The posts in this blog and the book The Gentle Art of Wandering all have a consistent theme of walking with mindfulness while outdoors. Being mindful allows you to see all that is around you and to make amazing discoveries along the way. You can also walk with mindfulness in a labyrinth.
A labyrinth is not a maze. There are no dead ends. It is not a puzzle for you to solve or a trap to frustrate you. A labyrinth is a path that loops back and forth through a generally circular area as you walk to the center.
It has only one way in and only one way out. Walking a labyrinth, in a sense, is a form of surrender as there is nothing for you to do except to follow the path.
As you walk, you can let your mind quiet down and clear. You may notice that the path mimics many aspects of life with its many twists and turns. At one point you seem to be headed directly to the goal and, just as you are about to reach it, the path abruptly turns and goes in another direction. But like life you eventually do get to where you are going.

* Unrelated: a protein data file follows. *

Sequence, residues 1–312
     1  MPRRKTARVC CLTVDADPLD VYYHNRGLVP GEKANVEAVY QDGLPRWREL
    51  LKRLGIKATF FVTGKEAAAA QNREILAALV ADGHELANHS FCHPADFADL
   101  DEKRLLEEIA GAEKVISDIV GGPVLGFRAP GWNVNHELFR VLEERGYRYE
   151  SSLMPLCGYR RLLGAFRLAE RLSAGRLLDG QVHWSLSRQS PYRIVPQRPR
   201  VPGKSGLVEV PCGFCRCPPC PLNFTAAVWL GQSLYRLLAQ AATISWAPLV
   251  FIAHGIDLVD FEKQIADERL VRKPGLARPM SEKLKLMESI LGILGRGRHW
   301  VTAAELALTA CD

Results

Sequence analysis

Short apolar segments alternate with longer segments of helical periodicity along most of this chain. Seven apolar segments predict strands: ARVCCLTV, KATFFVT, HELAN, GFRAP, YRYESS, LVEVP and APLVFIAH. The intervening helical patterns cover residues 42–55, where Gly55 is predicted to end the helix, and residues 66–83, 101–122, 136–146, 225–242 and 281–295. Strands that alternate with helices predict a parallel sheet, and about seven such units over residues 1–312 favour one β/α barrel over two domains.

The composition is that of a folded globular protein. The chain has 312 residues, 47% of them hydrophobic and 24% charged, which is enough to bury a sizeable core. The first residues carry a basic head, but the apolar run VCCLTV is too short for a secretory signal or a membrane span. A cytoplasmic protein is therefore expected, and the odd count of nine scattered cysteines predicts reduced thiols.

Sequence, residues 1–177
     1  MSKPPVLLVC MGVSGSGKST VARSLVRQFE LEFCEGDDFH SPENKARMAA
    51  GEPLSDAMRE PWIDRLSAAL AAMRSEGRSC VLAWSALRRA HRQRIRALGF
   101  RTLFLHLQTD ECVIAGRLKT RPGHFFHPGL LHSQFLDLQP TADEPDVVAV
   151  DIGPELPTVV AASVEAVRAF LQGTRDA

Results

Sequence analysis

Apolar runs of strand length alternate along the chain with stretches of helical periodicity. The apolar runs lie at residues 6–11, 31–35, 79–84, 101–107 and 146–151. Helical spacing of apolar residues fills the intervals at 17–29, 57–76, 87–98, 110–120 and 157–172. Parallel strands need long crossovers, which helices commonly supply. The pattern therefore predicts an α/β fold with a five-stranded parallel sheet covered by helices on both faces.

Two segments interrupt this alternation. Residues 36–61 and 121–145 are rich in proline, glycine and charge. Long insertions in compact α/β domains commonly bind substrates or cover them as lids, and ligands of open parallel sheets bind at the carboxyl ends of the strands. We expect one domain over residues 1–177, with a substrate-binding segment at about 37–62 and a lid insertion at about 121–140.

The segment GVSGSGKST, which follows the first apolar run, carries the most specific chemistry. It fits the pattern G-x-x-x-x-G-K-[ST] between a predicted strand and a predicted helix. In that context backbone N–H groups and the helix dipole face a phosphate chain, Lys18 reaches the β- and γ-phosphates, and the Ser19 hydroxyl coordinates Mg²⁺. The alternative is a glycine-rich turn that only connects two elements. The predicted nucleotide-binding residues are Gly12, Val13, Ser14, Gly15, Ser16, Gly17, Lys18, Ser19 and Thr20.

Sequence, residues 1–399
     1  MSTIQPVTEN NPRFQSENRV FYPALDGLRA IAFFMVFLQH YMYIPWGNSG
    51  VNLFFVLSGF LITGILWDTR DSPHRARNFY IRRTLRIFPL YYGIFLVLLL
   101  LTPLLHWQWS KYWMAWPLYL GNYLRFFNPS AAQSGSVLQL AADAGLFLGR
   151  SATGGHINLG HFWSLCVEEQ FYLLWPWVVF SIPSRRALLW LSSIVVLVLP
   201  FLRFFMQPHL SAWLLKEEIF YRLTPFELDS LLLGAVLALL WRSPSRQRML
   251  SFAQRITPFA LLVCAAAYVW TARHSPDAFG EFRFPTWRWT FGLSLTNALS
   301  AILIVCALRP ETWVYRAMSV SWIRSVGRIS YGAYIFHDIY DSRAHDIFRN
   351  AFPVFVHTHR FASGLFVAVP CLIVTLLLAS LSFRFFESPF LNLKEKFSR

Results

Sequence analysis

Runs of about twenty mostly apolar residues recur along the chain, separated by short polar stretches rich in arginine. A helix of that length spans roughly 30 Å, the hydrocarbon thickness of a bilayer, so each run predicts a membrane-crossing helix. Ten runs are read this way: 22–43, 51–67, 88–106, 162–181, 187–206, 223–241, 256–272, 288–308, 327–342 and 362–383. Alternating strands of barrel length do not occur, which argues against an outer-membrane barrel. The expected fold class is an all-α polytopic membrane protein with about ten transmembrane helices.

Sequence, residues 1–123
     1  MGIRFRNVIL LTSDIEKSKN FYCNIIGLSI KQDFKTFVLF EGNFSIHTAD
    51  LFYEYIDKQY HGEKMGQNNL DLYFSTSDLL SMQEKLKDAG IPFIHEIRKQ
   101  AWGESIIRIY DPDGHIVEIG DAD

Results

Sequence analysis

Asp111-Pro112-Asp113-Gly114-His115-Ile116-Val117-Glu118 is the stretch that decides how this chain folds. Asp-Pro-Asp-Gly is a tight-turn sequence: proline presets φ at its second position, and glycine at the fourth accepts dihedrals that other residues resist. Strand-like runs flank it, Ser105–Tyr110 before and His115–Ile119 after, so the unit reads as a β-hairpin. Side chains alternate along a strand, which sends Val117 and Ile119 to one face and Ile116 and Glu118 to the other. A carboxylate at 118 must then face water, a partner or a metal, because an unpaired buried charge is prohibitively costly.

Many people use a labyrinth as a form of walking meditation or a time for quiet contemplation. You are not obligated to meditate or to be a contemplative. You might walk it just for fun. There are no rules or right way to walk a labyrinth. It’s up to you.
If you are interested in using the path for a period of contemplation, some literature suggests that you use the walk into the center to clear your mind and to let go of whatever is bothering you. When you reach the center, you can stay as long as you like and use that time to think or to reach a place of inner peace. You can, if you want, use the walk out as a time to reconnect with the world or to connect with whatever it is that is important to you.
Labyrinths have been around for centuries. Many of the medieval cathedrals in Europe were built with labyrinths. Many churches and public places today have installed labyrinths. There is probably a labyrinth near where you live. There are many websites that can help you locate a labyrinth including this one, click here.
Here are some pictures of three labyrinths I visited yesterday:
Although many labyrinths are affiliated with churches or religious organizations, you do not have to be affiliated with a church or be religious to walk a labyrinth. There is no litmus test for mindfulness; mindfulness is available to anyone.